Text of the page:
Apple's Logic pro audio software could be the next application in the company's line of professional software to undergo an overhaul, a new report claims.
Japanese Apple tracking site Macotakara has a new report out today claiming the next version of Apple's professional audio suite will get a similar treatment to what the company did with Final Cut Pro X. That includes integrating previously separate applications, while selling others separately.
Macotakara suggests that consolidation will be the case with the previously separate Waveburner authoring software being built into the application, with virtual instrument control panel MainStage being sold separately.
Presumably the software will be offered as a digital download through the company's Mac App Store, however that's not mentioned in Macotakara's report. That is what Apple did with Final Cut Pro X earlier this year, whose predecessor was sold as a bundle of software and manuals the size of a car battery.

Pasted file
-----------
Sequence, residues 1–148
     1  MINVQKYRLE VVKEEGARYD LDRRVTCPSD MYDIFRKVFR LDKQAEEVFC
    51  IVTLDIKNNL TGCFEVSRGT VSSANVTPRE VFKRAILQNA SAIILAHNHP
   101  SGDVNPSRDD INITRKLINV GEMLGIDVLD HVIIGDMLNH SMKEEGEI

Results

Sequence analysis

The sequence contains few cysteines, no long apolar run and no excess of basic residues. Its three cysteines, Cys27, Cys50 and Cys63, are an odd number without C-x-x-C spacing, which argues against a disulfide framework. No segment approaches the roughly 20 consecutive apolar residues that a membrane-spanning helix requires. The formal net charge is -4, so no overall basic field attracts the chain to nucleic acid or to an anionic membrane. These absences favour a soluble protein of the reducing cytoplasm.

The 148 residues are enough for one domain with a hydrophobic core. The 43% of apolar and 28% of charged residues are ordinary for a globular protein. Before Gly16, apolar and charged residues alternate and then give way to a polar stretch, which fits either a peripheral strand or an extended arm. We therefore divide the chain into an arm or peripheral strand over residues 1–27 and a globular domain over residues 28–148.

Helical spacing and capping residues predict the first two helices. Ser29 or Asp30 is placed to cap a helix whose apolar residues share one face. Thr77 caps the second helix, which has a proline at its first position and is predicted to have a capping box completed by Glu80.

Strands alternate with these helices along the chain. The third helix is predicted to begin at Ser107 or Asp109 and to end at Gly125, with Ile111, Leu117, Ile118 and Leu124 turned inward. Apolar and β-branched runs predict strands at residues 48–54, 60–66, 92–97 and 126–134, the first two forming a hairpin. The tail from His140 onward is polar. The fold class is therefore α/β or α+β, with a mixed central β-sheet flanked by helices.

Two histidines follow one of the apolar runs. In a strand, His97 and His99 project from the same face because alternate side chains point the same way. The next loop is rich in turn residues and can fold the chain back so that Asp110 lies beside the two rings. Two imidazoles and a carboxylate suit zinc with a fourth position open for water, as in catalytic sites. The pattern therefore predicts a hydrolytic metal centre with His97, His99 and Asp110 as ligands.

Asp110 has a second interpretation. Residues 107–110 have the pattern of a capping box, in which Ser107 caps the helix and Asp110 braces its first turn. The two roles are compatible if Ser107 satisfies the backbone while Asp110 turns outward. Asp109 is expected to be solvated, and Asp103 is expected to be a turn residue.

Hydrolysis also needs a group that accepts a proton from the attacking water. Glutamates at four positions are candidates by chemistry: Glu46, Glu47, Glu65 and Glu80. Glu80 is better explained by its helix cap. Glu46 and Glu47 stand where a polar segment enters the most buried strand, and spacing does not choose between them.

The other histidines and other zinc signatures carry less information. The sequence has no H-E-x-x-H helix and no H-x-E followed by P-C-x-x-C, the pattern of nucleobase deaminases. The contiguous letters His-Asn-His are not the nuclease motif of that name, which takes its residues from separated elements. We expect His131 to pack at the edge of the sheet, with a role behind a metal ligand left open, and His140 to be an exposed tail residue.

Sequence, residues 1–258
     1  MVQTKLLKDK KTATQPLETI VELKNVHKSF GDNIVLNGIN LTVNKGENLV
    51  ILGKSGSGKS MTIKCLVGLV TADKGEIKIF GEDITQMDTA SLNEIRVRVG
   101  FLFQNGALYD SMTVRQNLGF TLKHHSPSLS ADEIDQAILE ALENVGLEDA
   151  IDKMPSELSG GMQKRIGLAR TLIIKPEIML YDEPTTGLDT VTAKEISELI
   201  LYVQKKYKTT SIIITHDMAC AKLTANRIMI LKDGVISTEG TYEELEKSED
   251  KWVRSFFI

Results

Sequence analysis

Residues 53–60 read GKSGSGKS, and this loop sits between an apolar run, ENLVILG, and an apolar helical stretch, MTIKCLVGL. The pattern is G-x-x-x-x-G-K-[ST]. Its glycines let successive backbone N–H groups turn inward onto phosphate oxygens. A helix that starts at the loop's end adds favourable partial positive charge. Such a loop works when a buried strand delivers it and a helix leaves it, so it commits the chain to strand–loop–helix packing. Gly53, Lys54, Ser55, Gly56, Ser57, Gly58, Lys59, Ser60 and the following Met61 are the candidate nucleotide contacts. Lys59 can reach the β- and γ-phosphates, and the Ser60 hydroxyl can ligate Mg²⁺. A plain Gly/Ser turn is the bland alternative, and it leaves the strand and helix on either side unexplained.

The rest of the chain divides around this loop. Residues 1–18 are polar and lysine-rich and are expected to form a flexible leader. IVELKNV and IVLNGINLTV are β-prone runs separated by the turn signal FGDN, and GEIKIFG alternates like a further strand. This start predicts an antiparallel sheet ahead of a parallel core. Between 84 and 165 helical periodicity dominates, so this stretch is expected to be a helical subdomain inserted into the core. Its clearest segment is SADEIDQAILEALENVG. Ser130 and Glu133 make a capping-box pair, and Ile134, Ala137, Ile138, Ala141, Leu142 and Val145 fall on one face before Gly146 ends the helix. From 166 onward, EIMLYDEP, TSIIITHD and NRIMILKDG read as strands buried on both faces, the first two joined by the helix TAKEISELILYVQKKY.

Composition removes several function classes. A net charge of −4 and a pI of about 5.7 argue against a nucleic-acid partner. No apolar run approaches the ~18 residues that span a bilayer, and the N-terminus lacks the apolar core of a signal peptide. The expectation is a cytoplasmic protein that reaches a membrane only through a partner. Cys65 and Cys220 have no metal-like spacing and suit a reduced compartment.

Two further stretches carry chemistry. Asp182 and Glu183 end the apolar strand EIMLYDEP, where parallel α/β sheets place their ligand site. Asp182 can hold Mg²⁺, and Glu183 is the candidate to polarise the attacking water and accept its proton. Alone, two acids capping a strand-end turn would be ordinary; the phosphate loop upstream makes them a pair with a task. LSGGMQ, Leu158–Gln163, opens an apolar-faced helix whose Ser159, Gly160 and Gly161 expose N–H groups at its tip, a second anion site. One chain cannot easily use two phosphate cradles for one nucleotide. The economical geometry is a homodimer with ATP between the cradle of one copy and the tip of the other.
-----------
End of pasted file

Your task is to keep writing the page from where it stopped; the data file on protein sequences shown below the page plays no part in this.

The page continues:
One detail that will be of intense interest to longtime users is whether Apple makes Lion, its latest OS, a requirement as part of a new Logic suite. If the software requires a download through the Mac App Store, that will require at least Mac OS X 10.6.6, which was released this past January.
Apple's last major release of Logic Studio was in July 2009, with the software selling for $499 to new users, and as a $199 upgrade. Prior to that, Apple released new versions in 2007 and 2004.
Logic Studio makes up one leg of Apple's pro software offerings. Joining it is the aforementioned pro video editing software Final Cut Pro X, which was released in June, and photo library management and editing software Aperture, which saw its last major release in February of last year.